(PG-13, Avail. 6/26)
Six years ago, watching the brilliant French comedy "OSS 117," I discovered an actor who displayed more comic talent in his eyebrows than most actors do in their entire bodies. I had no idea what "OSS" writer-director Michel Hazanavicius had in mind for Jean Dujardin in the future, but once I heard what it was I knew it was going to be something special.
"The Artist" is a (mostly) silent, black and white film and it is the perfect showcase for its star. It's Hollywoodland, circa 1927, and superstar George Valentin (Dujardin) has another hit on his hands. It is clear from the reception to "A Russian Affair" that Valentin's star shines as brightly as Keaton's or Chaplin's and, what's more, he knows and loves it.
He also doesn't mind aggravating his leading lady (Missi Pyle), his producer Al Zimmer (John Goodman), or his wife Doris (Penelope Ann Miller). Still, he has great affection for his valet Clifton (James Cromwell) and his loyal canine co-star (Uggie the Dog).
After the premiere of "A Russian Affair," however, someone else enters the picture; hopeful young actress Peppy Miller (Berenice Bejo). There is an instant connection and slowly, Peppy's star begins to rise.
George is only too happy for her until Zimmer decides that silent films (and thus George) are the past. George considers talking on screen to be beneath him and feels that talkies will be a failed experiment, but a combination of being wrong and the stock market crash effectively end his career. He attempts to pick up the pieces on his own while Peppy becomes a bigger and bigger star, but she continues to love the man who gave her her start.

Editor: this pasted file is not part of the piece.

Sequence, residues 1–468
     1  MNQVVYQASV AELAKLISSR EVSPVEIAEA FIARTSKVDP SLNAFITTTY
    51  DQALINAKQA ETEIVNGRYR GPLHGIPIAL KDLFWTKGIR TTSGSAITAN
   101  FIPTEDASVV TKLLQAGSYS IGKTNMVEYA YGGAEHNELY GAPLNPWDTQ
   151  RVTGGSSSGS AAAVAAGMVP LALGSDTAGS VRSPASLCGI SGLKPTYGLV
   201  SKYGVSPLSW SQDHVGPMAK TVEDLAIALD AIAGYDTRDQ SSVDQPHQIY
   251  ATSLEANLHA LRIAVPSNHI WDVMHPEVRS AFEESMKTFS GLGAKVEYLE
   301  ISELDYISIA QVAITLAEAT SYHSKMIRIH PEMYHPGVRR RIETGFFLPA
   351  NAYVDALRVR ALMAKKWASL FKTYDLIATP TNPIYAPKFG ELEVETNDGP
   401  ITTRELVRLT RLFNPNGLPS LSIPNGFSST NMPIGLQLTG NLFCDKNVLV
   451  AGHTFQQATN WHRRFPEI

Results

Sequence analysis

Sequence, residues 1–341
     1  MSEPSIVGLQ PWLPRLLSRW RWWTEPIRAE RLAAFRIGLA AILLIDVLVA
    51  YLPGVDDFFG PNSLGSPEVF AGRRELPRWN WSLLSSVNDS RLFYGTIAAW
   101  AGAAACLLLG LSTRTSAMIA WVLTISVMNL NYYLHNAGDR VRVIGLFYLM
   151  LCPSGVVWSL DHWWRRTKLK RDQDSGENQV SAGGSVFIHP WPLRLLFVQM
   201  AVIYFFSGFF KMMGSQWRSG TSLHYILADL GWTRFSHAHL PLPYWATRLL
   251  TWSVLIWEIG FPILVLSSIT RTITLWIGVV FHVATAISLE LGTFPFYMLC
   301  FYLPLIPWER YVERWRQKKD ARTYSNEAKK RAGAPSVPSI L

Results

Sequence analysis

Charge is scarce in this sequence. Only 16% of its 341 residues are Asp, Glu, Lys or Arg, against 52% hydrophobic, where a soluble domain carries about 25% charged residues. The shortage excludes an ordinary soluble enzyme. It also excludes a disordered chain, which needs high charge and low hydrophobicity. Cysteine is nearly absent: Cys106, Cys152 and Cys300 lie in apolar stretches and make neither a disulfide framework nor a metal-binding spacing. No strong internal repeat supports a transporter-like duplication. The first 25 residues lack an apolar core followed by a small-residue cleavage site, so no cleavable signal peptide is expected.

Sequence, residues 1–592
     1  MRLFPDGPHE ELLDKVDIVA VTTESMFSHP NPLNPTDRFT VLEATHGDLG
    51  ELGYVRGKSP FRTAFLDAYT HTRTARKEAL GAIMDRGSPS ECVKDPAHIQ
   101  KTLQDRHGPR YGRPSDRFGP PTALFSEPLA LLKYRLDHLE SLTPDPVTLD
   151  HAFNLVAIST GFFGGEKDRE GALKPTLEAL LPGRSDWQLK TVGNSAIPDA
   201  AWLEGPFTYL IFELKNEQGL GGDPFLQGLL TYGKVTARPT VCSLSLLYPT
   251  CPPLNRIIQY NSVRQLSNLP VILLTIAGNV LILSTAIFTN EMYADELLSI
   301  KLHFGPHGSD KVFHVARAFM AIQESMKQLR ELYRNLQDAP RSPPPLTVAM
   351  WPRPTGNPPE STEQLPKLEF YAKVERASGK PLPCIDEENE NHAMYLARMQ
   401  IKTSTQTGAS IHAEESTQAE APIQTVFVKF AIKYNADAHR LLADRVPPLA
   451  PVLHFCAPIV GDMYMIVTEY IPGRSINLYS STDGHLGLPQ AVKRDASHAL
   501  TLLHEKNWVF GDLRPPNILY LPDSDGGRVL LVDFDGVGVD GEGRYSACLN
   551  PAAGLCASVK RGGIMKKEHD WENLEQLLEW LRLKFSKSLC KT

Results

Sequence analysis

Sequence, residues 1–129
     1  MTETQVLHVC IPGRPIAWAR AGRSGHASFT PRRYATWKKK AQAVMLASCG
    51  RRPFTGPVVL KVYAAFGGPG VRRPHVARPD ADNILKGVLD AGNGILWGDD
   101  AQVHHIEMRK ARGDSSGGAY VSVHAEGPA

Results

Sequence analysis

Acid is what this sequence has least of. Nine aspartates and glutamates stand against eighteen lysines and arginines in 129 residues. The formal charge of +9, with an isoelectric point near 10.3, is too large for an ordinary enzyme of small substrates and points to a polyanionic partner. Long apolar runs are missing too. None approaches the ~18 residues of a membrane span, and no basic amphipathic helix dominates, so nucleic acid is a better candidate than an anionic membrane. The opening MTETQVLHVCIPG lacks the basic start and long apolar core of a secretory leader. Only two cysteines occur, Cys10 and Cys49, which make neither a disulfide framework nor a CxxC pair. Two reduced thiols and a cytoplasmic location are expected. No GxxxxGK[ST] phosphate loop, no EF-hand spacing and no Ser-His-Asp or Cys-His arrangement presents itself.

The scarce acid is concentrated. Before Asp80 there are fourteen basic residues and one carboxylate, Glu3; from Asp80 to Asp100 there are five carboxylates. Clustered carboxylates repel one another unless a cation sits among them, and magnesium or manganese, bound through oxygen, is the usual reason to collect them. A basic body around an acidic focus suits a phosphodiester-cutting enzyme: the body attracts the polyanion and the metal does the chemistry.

Hazanavicius reminds us that the loss of silent film as an art form was a sad one. His love and respect for it is in the details such as shooting it in the aspect ratio of the day-1.33:1-and his supreme confidence in his cast. Dujardin is beyond wonderful and proves to be a true artist himself. Had he been born in another era he could have been as popular and beloved as Valentin in the mid-'20s. Bejo is excellent as well. She pours herself into the role of Peppy and shows her talent knows no time period bounds.
One of the advantages of making a silent film is that French leads such as Dujardin and Bejo can easily share the screen with Goodman, Miller, and Cromwell, who provide fantastic support. I'd be remiss, however, if I didn't make special mention of Uggie, who may be the finest movie dog since Asta in the "Thin Man" series.
"The Artist" is a movie for true film lovers. It is made with love and a sense of joy that is incredibly rare. I believe as well that Hazanavicius hopes to encourage fans to give silent movies a try. He wants a new generation to discover Buster Keaton, Douglas Fairbanks, and so many others.
Given the Oscar success of "The Artist," Hazanavicius may get his wish. 10/10.